Metropolitan Alexios’ Message of Trust

TARPON SPRINGS, FL – The St. Nicholas Greek Orthodox Cathedral in Tarpon Springs, FL was filled to capacity for the August 3 Sunday Liturgy. While other Greek Orthodox churches throughout the country see their numbers drop and the empty pews rise during the summer months, Tarpon’s parishioners do not take a respite from church service.

The typically-large crowd was even larger that day, as His Eminence Metropolitan Alexios of Atlanta attended and presided.

As one would expect, his sermon was replete with theological references, as well as reminders for the laity to support their priest, Father Anastasios Gounaris – new to the community and recently transferred from the Archdiocesan Cathedral in New York.

Alexios devoted much time, however, to teaching about a virtue not specific to Greek Orthodoxy, or to Christianity or even theism, for that matter: trusting your fellow human beings.

“If people do not trust each other,” Alexios said, they do not live in communities. They stray from each other and live alone. “And then, you are alone,” he continued, “and when you alone, you are like an animal. And when you are like an animal, you spread fear.” And that is precisely the type of world we live in today, Alexios warned. A world where people live like animals and spread fear, all because they have not learned to trust their fellow human beings.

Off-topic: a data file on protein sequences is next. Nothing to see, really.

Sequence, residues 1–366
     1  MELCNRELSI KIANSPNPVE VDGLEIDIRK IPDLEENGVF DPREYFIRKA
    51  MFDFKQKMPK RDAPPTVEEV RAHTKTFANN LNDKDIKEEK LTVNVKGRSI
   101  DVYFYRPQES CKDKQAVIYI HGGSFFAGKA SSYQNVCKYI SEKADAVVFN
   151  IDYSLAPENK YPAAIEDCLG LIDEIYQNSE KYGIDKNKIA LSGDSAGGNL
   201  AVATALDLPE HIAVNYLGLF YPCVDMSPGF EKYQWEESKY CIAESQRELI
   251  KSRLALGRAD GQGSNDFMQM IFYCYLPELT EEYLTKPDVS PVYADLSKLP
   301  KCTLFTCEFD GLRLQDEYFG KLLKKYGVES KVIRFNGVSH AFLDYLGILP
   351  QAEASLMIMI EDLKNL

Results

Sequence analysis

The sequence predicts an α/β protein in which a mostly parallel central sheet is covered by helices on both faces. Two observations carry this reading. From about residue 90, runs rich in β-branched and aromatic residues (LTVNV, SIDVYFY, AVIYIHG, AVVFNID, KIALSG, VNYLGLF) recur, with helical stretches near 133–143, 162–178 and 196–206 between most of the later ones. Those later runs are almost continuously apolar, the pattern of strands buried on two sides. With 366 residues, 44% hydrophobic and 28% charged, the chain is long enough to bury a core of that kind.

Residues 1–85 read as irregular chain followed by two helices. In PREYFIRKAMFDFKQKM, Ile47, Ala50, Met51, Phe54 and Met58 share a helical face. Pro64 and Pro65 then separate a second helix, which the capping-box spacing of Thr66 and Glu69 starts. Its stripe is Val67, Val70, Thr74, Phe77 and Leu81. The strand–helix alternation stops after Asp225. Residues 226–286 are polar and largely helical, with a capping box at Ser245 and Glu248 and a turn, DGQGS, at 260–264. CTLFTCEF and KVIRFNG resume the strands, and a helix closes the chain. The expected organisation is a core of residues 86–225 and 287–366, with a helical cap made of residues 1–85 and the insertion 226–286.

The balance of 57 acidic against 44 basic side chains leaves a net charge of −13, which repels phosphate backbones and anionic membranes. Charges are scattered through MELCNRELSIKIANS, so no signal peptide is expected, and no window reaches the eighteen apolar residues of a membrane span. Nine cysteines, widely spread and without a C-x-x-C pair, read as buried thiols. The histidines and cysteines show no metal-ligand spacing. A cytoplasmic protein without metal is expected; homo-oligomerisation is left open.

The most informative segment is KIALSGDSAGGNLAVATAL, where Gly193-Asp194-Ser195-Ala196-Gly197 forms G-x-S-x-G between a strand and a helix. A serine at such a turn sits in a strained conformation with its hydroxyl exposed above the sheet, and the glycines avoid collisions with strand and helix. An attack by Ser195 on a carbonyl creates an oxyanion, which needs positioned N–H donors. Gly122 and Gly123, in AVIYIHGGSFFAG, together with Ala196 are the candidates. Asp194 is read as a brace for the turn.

Alexios message is particularly timely and compelling, given the current tensions throughout the world, not least of which the crisis in Ukraine and Gaza. That it is a message certainly consistent with Orthodox Christianity, but not one exclusive to it, it is one that is truly catholic (small “c”) and truly ecumenical small “e”): one that can be spread to and valued by people throughout the world.

Born Anthimos Panagiotopoulos on Christmas Day 1943 in Patras, Greece, Alexios was ordained in late 1965 and served numerous communities in Greece and the United States, including Astoria.

In 1999, Alexios was elected Bishop of the Diocese of Atlanta and in 2002, when the Diocese was elevated to a Metropolis, he was named Metropolitan. The Metropolis includes all of Florida as well as Alabama, Georgia, Louisiana, Mississippi, North Carolina, South Carolina, and Tennessee.